Question #1 Mayoral control and Charter Schools
Do you consider the reform in governance of DC schools to have been a success or a failure?
a. with Mayoral control and the DC Reform Act of 2007, and
b. when Congress created the charter board
and it has proceeded to greatly expand the number of charter schools. What evidence would you support
for your answer?
Andy Shallal –
Mayoral control allows for relatively unaccountable decision making, but its proponents promised dramatic results. No dramatic results have been forthcoming. So we’re left with a lack of transparency and accountability and highly concentrated and centralized decision-making power in the Mayor. Both Mayors Fenty and Gray have completely deferred to Chancellors who had never run school systems, never even run a school.
The only unequivocal thing that the Fenty/Rhee/Gray/Henderson approach has done is to disenfranchise parents and the voters. We get to elect a mayor every 4 years, but we have very little say about the decision-making that goes on in between elections. As Mayor, I would use mayoral control to bring parents and the public back into the decision-making process.
A Republican Congress forced DC to begin a charter schools program. I believe that we must subject any program forced onto to the city by Congress to a very high level of scrutiny. My concern with the almost completely unplanned growth of charter schools is that we may be unintentionally making the system of public schools worse. In order to sustain our existing neighborhood schools, we must have an overall plan about how we want to educate all of the city’s children, whether in DCPS or charters. For example, we should not allow a new charter school to open close by an existing neighborhood school, in order to avoid a debilitating competition between the two for neighborhood kids. We also need to deal with the problems that have appeared around how we handle per pupil allocations when a child moves from a charter school to a public school. Right now, that child’s money does not follow the child, a process that creates undesirable inequities.
Jack Evans –
Under the current system of Mayoral control, the Mayor appoints the DCPS Chancellor, the head of OSSE and the Director of DOH, as well as other agencies. A strong leader can provide an atmosphere of collaboration and cooperation to ensure we are providing everything a child needs to learn. Yes, I will maintain the current system of Mayoral control over public schools, and as your mayor, I will provide the leadership the school system needs to ensure all of our public schools educate our children.
Washington D.C. spends more money per capita on its students than any other major city in America, yet we lag behind in academic achievement. This is unacceptable. While charter schools should continue operate with autonomy, I believe that if we are going to hold public schools accountable for things like increased performance and parental involvement, charter schools should also have similar accountability standards. This is why I sponsored The Parental Involvement in Children’s Education School Participation, which would establish obligations for parents whose children attend charter schools without subjecting charter schools to regulation.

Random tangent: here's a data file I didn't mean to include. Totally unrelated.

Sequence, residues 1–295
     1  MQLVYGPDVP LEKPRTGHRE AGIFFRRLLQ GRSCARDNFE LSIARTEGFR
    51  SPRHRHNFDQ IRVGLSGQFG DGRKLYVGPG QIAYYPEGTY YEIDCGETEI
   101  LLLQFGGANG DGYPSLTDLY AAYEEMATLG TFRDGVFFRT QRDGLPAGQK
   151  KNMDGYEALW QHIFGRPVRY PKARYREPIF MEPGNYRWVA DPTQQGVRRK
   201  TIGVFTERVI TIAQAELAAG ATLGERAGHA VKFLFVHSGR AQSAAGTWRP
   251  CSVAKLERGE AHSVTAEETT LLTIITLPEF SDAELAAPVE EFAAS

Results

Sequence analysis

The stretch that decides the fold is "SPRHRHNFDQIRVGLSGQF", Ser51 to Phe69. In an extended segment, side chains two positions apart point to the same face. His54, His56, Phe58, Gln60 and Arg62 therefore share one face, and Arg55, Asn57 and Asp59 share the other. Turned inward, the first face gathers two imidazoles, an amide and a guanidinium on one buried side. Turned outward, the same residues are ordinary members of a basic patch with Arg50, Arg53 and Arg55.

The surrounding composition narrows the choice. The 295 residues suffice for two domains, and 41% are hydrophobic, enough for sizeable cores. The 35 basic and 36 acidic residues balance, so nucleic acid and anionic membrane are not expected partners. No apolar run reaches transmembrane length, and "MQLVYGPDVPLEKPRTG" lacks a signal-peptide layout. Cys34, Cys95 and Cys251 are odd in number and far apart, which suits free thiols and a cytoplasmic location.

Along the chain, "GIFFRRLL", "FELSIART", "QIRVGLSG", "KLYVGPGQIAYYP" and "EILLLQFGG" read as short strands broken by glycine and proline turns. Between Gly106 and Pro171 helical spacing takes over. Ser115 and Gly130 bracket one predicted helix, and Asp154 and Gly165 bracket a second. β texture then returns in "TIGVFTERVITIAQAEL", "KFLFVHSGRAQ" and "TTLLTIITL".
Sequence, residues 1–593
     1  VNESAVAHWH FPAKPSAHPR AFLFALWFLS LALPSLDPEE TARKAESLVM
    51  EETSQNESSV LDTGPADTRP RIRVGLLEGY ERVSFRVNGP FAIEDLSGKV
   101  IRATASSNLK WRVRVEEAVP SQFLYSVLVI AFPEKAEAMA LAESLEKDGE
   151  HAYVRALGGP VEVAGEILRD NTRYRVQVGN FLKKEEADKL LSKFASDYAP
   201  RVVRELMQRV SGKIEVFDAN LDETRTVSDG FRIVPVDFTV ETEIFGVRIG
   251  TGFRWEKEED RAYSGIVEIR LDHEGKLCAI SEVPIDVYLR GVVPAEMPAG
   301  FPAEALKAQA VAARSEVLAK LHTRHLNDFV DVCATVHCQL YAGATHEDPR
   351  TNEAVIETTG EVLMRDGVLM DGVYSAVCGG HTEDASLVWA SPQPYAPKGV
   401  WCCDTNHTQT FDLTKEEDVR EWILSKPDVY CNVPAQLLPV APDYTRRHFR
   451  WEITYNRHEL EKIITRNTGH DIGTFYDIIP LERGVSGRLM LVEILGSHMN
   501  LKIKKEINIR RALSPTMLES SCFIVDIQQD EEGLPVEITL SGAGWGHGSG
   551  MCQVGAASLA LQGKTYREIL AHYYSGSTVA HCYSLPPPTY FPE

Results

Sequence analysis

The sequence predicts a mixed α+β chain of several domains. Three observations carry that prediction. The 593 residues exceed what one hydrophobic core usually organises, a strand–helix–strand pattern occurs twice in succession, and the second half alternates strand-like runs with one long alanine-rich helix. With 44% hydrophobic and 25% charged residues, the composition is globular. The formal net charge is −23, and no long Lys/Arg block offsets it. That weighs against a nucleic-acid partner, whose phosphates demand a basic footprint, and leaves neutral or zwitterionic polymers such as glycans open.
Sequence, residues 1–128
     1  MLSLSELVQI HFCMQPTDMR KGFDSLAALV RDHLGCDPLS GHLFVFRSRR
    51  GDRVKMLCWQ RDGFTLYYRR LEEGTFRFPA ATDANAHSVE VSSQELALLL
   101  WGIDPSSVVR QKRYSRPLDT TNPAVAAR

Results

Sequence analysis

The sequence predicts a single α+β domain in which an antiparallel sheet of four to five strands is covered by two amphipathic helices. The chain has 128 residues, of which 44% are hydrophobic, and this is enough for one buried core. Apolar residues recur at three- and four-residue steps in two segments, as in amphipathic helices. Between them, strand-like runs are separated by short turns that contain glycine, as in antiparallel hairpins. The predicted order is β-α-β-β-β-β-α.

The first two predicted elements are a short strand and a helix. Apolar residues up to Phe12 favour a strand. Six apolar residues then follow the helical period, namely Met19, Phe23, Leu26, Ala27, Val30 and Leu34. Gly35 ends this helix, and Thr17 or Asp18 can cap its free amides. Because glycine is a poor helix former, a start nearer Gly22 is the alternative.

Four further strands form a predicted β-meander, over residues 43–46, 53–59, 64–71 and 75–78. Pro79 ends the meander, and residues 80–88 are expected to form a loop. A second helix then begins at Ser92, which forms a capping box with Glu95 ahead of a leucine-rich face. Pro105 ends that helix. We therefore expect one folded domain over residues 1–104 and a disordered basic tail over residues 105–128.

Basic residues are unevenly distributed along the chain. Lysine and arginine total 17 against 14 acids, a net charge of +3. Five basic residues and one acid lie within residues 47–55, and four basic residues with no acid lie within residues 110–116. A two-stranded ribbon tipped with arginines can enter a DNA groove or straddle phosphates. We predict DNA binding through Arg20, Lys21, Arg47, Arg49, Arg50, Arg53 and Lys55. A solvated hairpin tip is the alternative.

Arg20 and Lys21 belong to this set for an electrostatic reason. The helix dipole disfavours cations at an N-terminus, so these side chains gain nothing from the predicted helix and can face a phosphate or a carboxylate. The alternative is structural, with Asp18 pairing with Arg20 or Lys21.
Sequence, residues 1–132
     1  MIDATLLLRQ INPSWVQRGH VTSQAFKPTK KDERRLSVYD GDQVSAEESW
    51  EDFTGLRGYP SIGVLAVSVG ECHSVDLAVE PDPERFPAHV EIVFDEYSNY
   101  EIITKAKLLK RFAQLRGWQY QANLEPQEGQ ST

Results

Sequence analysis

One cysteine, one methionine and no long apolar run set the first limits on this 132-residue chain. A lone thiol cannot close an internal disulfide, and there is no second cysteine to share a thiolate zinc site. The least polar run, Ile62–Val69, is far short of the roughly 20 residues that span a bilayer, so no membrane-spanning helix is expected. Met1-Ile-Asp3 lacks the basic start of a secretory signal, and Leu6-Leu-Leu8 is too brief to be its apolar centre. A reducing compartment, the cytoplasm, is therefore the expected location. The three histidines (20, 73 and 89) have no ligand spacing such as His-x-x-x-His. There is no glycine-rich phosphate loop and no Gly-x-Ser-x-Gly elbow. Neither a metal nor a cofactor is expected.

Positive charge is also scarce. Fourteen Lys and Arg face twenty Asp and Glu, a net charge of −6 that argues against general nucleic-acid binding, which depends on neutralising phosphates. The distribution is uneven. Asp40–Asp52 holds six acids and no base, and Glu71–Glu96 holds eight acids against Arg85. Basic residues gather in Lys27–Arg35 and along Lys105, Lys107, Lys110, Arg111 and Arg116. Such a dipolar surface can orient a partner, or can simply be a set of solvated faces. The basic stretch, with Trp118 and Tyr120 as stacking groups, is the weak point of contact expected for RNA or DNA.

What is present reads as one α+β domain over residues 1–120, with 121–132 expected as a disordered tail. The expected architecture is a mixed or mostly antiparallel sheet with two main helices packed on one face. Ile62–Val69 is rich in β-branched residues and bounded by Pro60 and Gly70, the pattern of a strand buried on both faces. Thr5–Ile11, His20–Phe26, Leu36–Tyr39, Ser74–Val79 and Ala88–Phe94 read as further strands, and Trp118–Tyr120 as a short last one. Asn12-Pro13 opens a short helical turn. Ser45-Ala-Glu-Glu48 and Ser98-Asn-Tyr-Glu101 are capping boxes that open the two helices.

Muriel E Bowser
– The 2007 mayoral control of DCPS laid the groundwork for improvements we have seen by streamlining and clarifying accountability. In the old system there was too much finger- pointing and much less productivity. We have come a long way and should not go back.
As with any reform, constant re-evaluation is needed. Since 2007, we have invested in fixing school buildings, which can give schools a renewed life and chance at moving in the right direction. It also can create a more settled and safe neighborhood that can have a positive impact on education.
For DCPS schools, tying teacher evaluation and salaries to test scores may not be the best way to foster learning and trust, but teachers must be accountable and so we must work together to find the right balance. Too much standardized testing can be disruptive and we must examine how many tests per year a student should take before the cost outweighs the benefit.
For charter schools, transparency, a rigorous approval and oversight process, and open and fair admissions, given the coming need for neighborhood preference, are my top concerns. Charter schools’ right to expel students to return to a traditional school must be considered.
– I will be the first mayor to exercise mayoral authority as envisioned by the reform act. I will use my authority to ensure every child has a quality elementary school within walking distance of their home—and they don’t have to win a lottery to attend. I will move quickly to establish attractive, predictable middle and high school feeder schools, knitting together DCPS and charter schools, aligning grade ranges and strategically filling gaps to provide all students with great options at the middle and high levels. I will raise graduation rates by creating incentives to stay in school and meeting the needs of high-risk students.
As mayor, I will ensure that the charter board makes their processes more visible and explain with how a proposed charter school meets some need or desire expressed by the public. I intend to work with, negotiate with and reason with the charter schools and charter board to make sense of the checkered charter/DCPS offerings. I will not lose focus on our need to radically increase performance across the board, to erase the racial and economic gap and to ensure that all our kids graduate and are prepared to successfully live, work and raise a family.